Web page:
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The newspaper industry in general has a tepid relationship with search engines (particularly Google), but that doesn't mean that more than a few newspapers don't love SEO spam.
A post yesterday on GigaOm details how one former columnist at the struggling San Francisco Chronicle found that the Chronicle had taken her articles and liberally changed them up in a clear attempt to improve the article's ranking in the SERPs.
Violet Blue, who used to be the Chronicle's sex columnist, discusses what she discovered on her not-so-safe-for-work blog:
My Google search results did not return my column’s original archive, as it always had in the past. Instead the top results were a copy of my column on an SFGate subdomain (articles.sfgate.com). The column had been stripped of all links, and divided across several pages. My bio was missing, as were all the comments. Freakishly, all the commas were gone. And the URL had been changed. The address was comprised of words; to my horror the URL had been keyworded to say “ashamed porn star” — the exact opposite of the article’s content. **See update** Worse, when I clicked around on the articles.sfgate subdomain I couldn’t navigate, couldn’t find content by author (or find anything), and was essentially trapped in a dead end of static content and ads.
Violet's immediate reaction: call the subject of the article in question and apologize. After a few angry tweets and emails, and a week of delay, Violet was finally able to get in touch with somebody:
By the following Monday I got a phone call with their VP: Digital Media. She pressured me not to talk about SFGate on my own Twitter account...I told her I would be fine with my content appearing on articles.sfgate.com if the necessary fixes could be made, and she indicated a level of difficulty in restoring the articles so as they would likely have to pull my content from the subdomain. The commas could be fixed, the bio was actually there but on the last page (unlinked). Restoring my articles’ links would be the dealbreaker; they could not do this.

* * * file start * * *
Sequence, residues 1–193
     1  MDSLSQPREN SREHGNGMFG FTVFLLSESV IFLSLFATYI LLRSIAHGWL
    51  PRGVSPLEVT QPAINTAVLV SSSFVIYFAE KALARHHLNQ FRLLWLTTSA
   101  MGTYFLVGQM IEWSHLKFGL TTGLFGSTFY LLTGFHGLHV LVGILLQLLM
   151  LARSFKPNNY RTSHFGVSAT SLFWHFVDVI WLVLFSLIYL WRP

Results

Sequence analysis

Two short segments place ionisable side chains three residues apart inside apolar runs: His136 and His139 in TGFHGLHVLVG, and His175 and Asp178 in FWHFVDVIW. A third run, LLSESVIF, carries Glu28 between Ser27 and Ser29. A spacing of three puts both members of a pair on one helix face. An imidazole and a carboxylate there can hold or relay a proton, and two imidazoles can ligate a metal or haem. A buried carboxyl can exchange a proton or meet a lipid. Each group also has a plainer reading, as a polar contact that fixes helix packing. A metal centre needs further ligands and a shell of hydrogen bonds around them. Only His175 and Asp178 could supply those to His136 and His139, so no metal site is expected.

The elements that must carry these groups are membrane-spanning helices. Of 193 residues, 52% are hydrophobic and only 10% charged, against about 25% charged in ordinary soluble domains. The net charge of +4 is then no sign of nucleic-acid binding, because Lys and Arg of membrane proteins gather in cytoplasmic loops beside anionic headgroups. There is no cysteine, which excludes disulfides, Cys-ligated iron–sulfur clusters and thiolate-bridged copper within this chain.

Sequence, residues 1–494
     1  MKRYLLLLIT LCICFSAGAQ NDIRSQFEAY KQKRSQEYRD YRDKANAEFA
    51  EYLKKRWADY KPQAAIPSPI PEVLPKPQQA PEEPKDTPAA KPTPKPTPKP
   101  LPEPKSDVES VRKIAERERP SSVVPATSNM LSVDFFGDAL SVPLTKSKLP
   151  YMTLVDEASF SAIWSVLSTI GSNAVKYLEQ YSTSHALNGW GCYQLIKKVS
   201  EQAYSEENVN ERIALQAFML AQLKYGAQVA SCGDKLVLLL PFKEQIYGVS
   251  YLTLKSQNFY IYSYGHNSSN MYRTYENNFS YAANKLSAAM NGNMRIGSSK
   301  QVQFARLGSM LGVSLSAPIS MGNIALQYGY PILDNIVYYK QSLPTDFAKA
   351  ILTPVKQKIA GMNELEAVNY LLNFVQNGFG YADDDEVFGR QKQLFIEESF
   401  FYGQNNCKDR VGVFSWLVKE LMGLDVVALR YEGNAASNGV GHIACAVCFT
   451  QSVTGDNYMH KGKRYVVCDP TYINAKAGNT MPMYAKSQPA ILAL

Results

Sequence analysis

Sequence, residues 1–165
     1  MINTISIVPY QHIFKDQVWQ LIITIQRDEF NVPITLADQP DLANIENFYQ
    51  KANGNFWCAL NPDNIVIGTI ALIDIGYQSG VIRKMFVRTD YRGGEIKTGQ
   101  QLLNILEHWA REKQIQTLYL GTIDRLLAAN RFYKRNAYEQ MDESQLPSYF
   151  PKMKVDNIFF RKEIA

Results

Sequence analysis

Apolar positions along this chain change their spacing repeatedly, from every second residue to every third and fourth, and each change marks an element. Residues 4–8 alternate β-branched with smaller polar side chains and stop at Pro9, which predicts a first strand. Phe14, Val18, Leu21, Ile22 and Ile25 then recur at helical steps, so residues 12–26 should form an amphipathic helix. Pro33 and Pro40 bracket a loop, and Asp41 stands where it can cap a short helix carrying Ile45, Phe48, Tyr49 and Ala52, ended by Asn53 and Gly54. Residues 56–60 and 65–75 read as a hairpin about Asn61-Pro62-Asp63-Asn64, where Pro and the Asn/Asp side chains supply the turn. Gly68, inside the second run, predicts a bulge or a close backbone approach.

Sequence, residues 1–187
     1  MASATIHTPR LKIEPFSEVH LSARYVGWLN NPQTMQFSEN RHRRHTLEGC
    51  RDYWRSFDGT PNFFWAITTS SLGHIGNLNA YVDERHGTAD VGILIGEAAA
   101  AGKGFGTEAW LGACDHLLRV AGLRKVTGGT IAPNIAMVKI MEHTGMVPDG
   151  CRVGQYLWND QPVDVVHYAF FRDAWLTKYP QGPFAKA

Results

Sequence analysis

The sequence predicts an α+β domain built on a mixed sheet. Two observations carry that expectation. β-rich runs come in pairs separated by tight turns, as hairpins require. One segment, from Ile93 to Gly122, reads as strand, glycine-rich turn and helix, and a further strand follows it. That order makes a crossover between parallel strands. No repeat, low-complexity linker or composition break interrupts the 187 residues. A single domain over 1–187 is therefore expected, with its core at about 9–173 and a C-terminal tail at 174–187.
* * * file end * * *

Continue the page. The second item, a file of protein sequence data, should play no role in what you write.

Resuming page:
Unfortunately for Violet, there's no recourse readily available. As per her contract with the Chronicle, the newspaper has the rights to do with her content what it wants. She was told if she wants her content removed altogether, she can pay for the Chronicle's "estimated losses on ad revenue".
Venture capitalist Tim Oren did some digging and notes that the Chronicle is just one of a number of newspapers using technology from a company called Perfect Market, and this technology is behind the changes made to Violet Blue's articles. Perfect Market's "proprietary technology" is designed to "[help] publishers create value from their online content with little effort and no risk". It does so, of course, by turning quality content into what many of us would classify as 'SEO spam'.
Oren makes three important points about the use of Perfect Market's technology:
- It may hurt a newspaper's relationship with writers, as some writers are certainly going to react the way Violet Blue did.
- The intent of the pages Perfect Market's technology creates is "isomorphic, from a search company's point of view, to those created by more questionable tactics such as scraping". Given this, it's unclear how long search engines will allow this to last.
- "A keyword stuffed, link stripped dead end page" is harmful to the newspaper's brand.
Given the economic challenges so many newspapers face today, it's not entirely surprising that newspapers are turning to SEO spam, even if it's ironic given the rampant complaints about search engines that come from the newspaper industry on a regular basis. Yet the notion that SEO spam is going to help newspapers in a no-risk, minimal-effort fashion hints that some newspapers may be more lost than previously thought.
Photo credit: arnold | inuyaki via Flickr.